Though the C.K. Nayudu tournament was a flop for both East Zone (losing all four games) and their wicket-keeper (97 runs in four innings), Dhoni’s first-class debut followed immediately after. It came for Bihar against Assam in the Ranji Trophy at the Keenan Stadium on 12 January 2000. Bihar captain Sunil Kumar had kept wickets earlier in the season and was one of the side’s leading batsmen as well. But it was felt the triple role was a burden, and so Dhoni was selected to wear the big gloves with Kumar playing as a specialist batsman.
The day before the same teams had met in the Ranji Trophy one-day tournament, Bihar winning by eight wickets. Dhoni took one catch but was not required to bat.
The first-class debut played over four days was something special though. He managed just one victim (Assam opener Parag Kumar Das stumped off Avinash Kumar in the second innings) but made an immediate impression with the bat. Coming in at number seven in both innings, Dhoni struck a rapid 40 from 62 balls in Bihar’s first innings of 258. Assam replied with 247 and when quick runs were needed in the second innings, Dhoni stayed unbeaten on 68 (striking eight boundaries in both knocks) from 89 balls as Assam were set a target of 355. They collapsed for 163 on the final day, handing Bihar a win by 191 runs.
At the end of the match, veteran left-arm spinner Avinash Kumar–ironically playing his last first-class game–told the young debutant: ‘You have the talent to play for India.’ It was a comment that struck Mahi then, and has stayed with him ever since.
Randhir Singh, the medium pacer who had played two ODIs in the ’80s, was one of the state selectors who spotted him and was coach of the Bihar Ranji Trophy team at the time. Looking back at those early struggles in a recent interview, Dhoni appeared bewildered by his own rise from anonymity to international fame.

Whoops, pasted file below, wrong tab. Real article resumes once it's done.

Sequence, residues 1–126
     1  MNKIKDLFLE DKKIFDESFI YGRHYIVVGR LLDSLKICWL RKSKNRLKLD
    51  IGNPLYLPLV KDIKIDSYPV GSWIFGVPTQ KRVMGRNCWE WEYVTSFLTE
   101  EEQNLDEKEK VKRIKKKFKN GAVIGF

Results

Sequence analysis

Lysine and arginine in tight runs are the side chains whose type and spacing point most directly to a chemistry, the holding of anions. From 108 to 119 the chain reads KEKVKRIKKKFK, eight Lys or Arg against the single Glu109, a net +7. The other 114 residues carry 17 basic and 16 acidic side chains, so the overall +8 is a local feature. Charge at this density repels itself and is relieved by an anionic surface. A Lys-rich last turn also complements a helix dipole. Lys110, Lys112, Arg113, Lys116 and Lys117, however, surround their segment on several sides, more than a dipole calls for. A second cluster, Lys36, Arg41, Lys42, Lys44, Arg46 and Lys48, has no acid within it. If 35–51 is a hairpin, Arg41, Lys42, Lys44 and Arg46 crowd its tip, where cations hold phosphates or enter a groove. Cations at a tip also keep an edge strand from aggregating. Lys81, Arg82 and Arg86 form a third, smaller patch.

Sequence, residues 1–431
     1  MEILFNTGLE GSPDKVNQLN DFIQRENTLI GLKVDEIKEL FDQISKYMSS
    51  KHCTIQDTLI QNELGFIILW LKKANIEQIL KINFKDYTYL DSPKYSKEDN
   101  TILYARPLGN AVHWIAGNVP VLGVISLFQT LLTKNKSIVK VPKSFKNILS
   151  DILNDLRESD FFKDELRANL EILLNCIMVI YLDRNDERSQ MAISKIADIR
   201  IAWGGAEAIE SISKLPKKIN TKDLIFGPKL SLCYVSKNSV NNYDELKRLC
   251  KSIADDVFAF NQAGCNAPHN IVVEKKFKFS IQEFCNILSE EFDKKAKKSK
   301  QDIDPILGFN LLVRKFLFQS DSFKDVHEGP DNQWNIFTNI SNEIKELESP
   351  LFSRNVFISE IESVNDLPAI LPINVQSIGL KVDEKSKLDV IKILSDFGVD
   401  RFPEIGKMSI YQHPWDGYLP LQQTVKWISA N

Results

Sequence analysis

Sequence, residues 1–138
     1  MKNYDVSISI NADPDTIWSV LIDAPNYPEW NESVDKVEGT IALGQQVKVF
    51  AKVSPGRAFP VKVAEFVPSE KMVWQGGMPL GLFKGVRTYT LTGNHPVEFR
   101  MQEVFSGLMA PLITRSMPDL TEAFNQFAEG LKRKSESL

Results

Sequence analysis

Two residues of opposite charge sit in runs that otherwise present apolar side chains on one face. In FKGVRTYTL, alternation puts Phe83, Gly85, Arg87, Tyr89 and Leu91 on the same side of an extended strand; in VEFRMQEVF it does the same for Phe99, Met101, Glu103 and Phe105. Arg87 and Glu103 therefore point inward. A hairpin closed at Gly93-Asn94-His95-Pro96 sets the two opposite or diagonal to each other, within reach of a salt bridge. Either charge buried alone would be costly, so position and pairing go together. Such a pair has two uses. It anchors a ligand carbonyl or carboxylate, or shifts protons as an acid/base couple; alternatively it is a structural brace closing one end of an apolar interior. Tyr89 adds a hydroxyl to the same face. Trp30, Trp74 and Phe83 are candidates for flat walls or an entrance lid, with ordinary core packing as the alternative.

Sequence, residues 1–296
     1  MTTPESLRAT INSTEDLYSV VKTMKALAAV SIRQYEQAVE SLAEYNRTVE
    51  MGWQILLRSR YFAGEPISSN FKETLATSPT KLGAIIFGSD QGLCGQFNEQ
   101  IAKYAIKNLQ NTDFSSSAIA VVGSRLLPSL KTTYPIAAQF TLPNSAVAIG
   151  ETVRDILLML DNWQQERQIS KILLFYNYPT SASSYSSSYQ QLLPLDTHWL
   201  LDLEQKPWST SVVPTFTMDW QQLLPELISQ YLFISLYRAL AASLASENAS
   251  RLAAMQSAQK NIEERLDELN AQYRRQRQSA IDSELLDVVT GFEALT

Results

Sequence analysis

‘To even to get into the Ranji Trophy side was a big thing,’ he reminisced. (Cricinfo, 28 March 2008). ‘Fortunately we had a selector (Randhir Singh) who believed in youngsters. We (Bihar) qualified for the Cooch Behar Under-19 that year and made it to the final, so there was a big change and all of a sudden we saw five youngsters getting into the Bihar Ranji squad. That was a start. Bihar was considered a small state and for you to be a part of the (East) zonal team, especially to get into the XI, it is tough. Yo u had to perform consistently for that.’
With Bihar qualifying for the Ranji Trophy Super League as the second team in East Zone behind Orissa, Dhoni gained the experience of playing against leading sides from around the country.
Bihar’s campaign in the Super League was a disappointing one, failing to win a single of their four matches and Dhoni managing just 175 runs in eight innings.
It was a harsh welcome to the tough grind of Indian first class cricket but an experience which would stand him in good stead over the next few seasons.
He finished the season with 283 runs from 10 innings (five matches) with one not out and one half-century at an average of 31.44. He also claimed 12 catches and three stumpings. It was hardly an outstanding performance but the promise was obvious.
A quick learner, Dhoni absorbed the lessons of his first season and by 2000-01 he was beginning to look more polished both in front of and behind the stumps.